• Calmarius wrote: "Let's say the height of the relativistic rocket is $h$." What is meant by "height of a rocket"; how is this quantity to be measured; does it have some particular relation to distance" (a.k.a. "[en.wikipedia.org/wiki/Length]") between two "ends" which are and remain at rest to each other? -- "But the two ends always connect two points on the two hyperbolas whose slope is the same (you can see this on the Rindler chart)." Please elaborate; because there's no mentioning of "slope" at [en.wikipedia.org/wiki/Rindler_coordinates] – user12262 Jun 24 '13 at 19:08
• The length of the rocket remains constant in the reference frame of the rocket (edited). If the hyperbolas share the same center and asymptotes, they are basically magnified versions of each other. If you draw a ray from the common center the rays will intersect all hyperbolas at the points where the slope (call it whatever you want) is the same. The planes of simultaneity of the accelerating body intersect at the center. Thus the velocity is same everywhere along the object, as it accelerates (as seen from outside). I've just thought this can be simply seen on the Rindler chart. – Calmarius Jun 25 '13 at 8:19
• Thanks for the response + effort. What's bugging me shows here: "Thus the velocity is same everywhere along the object, as it accelerates (as seen from outside)." -- Is this meant as an exact statement, or only as approximation? Is there at least one inertial system whose members find exactly simultaneously that the rocket ends moved at exactly equal velocity? And: "The length of the rocket remains constant in the reference frame of the rocket (edited)." -- How is "height" to be determined by members of this particular "reference frame" (such as the two rocket ends in particular)? – user12262 Jun 25 '13 at 19:46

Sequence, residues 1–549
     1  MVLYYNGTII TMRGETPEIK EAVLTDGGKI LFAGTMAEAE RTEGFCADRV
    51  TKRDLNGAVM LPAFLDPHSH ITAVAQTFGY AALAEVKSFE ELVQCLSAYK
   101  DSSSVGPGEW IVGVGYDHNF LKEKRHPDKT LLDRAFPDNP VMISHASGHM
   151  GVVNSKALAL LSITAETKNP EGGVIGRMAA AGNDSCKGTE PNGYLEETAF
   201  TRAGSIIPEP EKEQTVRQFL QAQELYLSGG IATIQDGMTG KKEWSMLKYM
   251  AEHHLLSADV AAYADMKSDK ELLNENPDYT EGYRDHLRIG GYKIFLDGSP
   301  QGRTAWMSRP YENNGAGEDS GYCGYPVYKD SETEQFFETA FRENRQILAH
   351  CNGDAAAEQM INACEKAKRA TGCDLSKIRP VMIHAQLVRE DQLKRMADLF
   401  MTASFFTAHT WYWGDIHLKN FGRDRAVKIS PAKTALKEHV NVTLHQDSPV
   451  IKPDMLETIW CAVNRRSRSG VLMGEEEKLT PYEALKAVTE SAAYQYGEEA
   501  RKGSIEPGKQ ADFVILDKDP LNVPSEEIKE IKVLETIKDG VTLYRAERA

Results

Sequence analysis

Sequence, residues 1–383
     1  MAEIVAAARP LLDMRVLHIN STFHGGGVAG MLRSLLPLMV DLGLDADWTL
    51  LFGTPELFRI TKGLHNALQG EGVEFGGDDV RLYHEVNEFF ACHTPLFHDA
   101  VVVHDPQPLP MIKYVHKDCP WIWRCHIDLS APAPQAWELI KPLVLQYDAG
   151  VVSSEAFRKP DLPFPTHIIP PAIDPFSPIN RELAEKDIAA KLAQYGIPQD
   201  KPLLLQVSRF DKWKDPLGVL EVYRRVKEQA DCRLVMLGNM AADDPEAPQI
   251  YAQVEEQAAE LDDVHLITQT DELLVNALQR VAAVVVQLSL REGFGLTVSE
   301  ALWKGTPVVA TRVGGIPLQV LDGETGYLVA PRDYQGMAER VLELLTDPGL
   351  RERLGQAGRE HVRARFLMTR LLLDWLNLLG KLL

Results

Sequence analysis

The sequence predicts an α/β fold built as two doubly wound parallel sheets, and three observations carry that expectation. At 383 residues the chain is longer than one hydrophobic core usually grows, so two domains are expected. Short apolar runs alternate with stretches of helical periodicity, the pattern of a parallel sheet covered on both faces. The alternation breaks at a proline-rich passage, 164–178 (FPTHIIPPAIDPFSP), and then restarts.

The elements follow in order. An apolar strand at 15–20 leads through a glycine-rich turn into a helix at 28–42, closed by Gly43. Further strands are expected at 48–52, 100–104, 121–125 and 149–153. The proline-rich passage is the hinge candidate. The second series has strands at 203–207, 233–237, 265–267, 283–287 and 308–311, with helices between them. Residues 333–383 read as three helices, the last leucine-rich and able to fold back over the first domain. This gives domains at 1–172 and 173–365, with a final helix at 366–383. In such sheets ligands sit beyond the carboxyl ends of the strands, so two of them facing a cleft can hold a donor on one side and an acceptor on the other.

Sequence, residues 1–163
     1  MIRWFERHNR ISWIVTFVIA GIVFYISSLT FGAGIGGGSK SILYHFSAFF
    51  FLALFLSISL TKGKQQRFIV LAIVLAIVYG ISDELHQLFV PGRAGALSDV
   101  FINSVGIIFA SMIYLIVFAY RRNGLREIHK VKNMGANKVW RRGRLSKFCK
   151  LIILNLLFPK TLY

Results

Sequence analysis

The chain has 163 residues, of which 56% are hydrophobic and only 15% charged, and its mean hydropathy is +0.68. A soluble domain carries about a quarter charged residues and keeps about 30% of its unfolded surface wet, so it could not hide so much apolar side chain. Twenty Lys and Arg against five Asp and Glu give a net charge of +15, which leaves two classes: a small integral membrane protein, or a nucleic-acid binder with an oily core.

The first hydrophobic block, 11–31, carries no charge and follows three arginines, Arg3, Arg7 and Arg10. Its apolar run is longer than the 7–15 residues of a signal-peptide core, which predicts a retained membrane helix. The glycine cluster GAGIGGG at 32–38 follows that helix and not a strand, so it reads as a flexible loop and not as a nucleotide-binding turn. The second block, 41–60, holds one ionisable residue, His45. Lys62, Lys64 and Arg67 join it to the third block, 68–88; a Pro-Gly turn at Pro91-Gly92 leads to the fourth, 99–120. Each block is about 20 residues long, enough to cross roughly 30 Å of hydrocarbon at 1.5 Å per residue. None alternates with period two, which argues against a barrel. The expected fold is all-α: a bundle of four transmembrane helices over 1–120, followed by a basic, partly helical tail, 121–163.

• Full disclosure: I asked this question after having submitted an answer here. – user12262 Jun 25 '13 at 19:47
• @user12262 Well this velocity thing is quite tricky, and I probably used the wrong words. And it's quite hard to describe anyway. I meant proper velocity on both ends here, but despite its name, it's not invariant, you will need a "map frame" to measure proper velocity against. That's why someone uses the word "celerity" instead... But the gravitational/acceleration time dilation makes this tricky. – Calmarius Jun 26 '13 at 19:07